|Publication number||US5067679 A|
|Application number||US 07/623,198|
|Publication date||Nov 26, 1991|
|Filing date||Dec 6, 1990|
|Priority date||Dec 6, 1990|
|Publication number||07623198, 623198, US 5067679 A, US 5067679A, US-A-5067679, US5067679 A, US5067679A|
|Inventors||Charles H. Courtney|
|Original Assignee||Courtney Charles H|
|Export Citation||BiBTeX, EndNote, RefMan|
|Patent Citations (24), Referenced by (18), Classifications (11), Legal Events (6)|
|External Links: USPTO, USPTO Assignment, Espacenet|
1. Field of the Invention
The present invention is related generally to a support for a flexible waste hose, and more specifically, to a support for a flexible waste hose used for discarding waste from a holding tank of a recreational vehicle to a waste disposal tank.
2. Discussion of the Related Art
Most modern recreational vehicles (RV), trailers and mobile homes generally include at least one or all of a sink, shower and toilet. Waste from these facilities is usually directed into a holding tank located within the specific vehicle. Obviously, this holding tank within the vehicle must be periodically emptied depending on the size of the tank, and the extent to which the facilities are used. Therefore, the holding tank is equipped with a discharge nozzle generally located at the underside of the vehicle for connection to a flexible waste hose. The waste hose is extended from the discharge nozzle to an appropriate waste or sewer tank for discharging the waste materials from the holding tank to the sewer tank. In addition, appropriately outfitted campsites generally include a waste tank, or sewer pipe directed to a waste tank, at each individual campsite such that the waste material from the vehicle can be continuously emptied by means of the waste hose from the holding tank within the vehicle, so that the waste material need not be stored in the vehicle.
Generally the flexible waste hose will extend from the vehicle to an inlet port associated with the sewer tank a distance approximately up to eight (8) feet. Because of this distance and the flexibility of the waste hose, the hose will generally fall directly to the ground from the underside of the vehicle, and thus travel along the ground most of the way from the vehicle to the port of the sewer tank. Therefore, a problem can arise since the waste material is propelled through the hose by means of gravity. Once the waste material reaches the section of the hose lying on the ground it must rely on its momentum and the force of the waste material behind it to travel the remaining distance to the sewer tank. Because of this, the slope of the terrain and the volume and constituents of the waste material become an important factor in providing proper flow of the waste material through the hose. Many times the waste material will not flow effectively and may not even flow at all. Therefore, proper disposal of the waste material is not always effectuated.
Many RV owners have attempted to remedy this situation by utilizing boards or branches, or other various types of articles which may be handy, to create an incline between the RV and the sewer tank upon which the hose can rest to facilitate the proper flow of waste material through the hose. These types of makeshift remedies are generally not very reliable, convenient or properly effective.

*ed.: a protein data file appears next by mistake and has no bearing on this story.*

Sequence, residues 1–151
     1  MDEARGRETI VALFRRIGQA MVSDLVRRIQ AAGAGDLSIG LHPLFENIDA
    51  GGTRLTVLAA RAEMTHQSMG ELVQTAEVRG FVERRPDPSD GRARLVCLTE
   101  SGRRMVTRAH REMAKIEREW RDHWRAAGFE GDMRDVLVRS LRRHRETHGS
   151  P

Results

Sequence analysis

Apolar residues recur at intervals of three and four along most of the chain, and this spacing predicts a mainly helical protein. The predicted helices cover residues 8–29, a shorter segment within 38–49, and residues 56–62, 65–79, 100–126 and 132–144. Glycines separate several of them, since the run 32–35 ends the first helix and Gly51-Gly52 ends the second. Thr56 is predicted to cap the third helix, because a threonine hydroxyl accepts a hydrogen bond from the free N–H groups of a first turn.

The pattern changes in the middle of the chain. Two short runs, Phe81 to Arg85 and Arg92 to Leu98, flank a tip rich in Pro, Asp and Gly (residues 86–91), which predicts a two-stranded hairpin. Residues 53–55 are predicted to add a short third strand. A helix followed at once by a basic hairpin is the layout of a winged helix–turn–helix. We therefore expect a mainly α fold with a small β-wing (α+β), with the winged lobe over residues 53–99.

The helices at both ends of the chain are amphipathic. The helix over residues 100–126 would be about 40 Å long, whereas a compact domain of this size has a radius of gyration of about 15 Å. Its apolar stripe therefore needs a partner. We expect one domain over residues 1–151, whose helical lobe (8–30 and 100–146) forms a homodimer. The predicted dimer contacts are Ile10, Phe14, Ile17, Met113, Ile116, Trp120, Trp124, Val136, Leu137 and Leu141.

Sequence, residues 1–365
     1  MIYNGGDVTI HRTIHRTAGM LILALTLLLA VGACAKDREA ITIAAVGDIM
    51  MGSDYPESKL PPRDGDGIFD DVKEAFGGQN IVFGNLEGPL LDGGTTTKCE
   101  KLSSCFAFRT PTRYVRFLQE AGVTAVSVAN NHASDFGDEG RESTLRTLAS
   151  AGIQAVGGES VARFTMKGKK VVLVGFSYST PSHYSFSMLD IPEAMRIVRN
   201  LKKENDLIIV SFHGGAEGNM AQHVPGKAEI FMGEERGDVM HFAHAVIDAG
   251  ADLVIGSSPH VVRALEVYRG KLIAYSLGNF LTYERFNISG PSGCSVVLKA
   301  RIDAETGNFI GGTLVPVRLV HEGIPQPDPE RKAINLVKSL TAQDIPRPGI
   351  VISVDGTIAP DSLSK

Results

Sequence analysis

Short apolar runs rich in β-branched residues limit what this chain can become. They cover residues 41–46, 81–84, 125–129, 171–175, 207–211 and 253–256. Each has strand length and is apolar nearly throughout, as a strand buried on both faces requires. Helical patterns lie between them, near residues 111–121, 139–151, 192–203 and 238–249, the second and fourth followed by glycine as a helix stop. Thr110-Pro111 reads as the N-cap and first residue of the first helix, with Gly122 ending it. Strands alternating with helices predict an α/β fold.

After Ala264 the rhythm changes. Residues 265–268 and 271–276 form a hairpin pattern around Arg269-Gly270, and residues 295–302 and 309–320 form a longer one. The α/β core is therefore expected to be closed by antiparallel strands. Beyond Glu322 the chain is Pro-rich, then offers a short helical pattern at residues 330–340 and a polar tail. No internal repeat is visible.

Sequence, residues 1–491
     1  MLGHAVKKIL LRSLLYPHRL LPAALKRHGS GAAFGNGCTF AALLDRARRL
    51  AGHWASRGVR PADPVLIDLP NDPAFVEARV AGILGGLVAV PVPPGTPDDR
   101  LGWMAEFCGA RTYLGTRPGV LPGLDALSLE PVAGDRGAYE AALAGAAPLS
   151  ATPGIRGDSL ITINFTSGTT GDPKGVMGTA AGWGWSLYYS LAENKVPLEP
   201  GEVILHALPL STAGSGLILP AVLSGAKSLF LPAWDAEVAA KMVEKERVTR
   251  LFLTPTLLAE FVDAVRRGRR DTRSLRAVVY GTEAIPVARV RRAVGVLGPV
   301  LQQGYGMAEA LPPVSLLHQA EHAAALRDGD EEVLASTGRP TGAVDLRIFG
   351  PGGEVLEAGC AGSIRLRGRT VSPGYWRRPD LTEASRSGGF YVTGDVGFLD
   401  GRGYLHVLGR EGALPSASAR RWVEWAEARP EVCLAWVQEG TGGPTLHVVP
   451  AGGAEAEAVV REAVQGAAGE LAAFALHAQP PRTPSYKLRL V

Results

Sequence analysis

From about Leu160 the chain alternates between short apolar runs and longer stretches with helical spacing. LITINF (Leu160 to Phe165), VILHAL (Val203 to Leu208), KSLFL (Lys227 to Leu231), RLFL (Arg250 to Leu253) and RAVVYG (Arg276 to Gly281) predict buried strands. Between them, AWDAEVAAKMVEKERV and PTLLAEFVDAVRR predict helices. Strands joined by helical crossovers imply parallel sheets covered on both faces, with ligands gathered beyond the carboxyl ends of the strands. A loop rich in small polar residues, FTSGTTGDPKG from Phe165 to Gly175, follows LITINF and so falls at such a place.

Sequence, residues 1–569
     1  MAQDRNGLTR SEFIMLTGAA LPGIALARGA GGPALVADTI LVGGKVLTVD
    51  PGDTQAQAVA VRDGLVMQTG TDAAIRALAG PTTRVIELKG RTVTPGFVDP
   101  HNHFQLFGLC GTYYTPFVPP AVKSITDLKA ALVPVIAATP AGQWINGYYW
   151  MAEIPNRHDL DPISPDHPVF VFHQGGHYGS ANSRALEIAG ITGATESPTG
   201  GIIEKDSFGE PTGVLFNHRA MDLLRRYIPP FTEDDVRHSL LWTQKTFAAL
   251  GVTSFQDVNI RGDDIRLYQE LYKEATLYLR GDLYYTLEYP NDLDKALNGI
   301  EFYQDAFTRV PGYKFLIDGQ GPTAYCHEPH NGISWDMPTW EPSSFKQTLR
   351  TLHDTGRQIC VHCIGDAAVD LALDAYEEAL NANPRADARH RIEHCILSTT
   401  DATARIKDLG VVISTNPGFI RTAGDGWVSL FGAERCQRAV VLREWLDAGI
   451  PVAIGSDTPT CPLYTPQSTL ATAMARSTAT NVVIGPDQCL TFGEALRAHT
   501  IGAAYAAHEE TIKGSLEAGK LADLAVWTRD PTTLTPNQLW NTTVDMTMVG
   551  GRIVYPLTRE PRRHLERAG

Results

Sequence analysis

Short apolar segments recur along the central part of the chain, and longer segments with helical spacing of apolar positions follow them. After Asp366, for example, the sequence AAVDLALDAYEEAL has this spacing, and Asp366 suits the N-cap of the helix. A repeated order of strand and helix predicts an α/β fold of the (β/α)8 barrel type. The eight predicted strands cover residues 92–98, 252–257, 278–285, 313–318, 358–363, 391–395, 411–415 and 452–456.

Several devices are known in the prior art which have attempted to alleviate the above-described problem. However, many cf these devices are not convenient, easily assembled, easily stored, and inexpensive. What is needed then is a device to provide the appropriate pitch between the holding tank outlet of a recreational vehicle and the port to a sewage tank by means of an easily stored, conveniently installed and inexpensively made flexible waste hose support. It is therefore an object of the present invention to provide such a device
Disclosed is a telescoping support trough for a flexible waste hose of a recreational vehicle. The telescoping support trough includes a first member having a substantially semi-circular, trough-like shape, and a pair of tracks on both sides of the first member for accepting a second member having substantially the same shape as the first member. The second trough member is slidable along the tracks on the inside surface of the first trough member in a friction type arrangement. In addition, a third member having a trough-like shape can be engaged with the second trough member opposite the first trough member, also in a telescoping friction type arrangement to extend the usable length of the support trough. Positioned at one end of the telescoping support trough is a bail or hoop rigidly attached to the support trough for hooking to an appropriate member of the recreational vehicle near the discharge nozzle of the holding tank. At the opposite end of the support trough is a hook member which is configured to be hooked into the inlet port of the sewer tank. Therefore, the support trough is rigidly affixed at both of its ends, and does not require any middle supporting devices. The flexible waste hose will lie in the support trough at an appropriate pitch to facilitate efficient flow or the waste material through the hose. The telescoping nature of the support trough enables the support trough to be adjusted between different distances between the RV vehicle and the opening of the sewer tank, and further, enables the support trough to be easily reduced to its minimum length very quickly for convenient storage.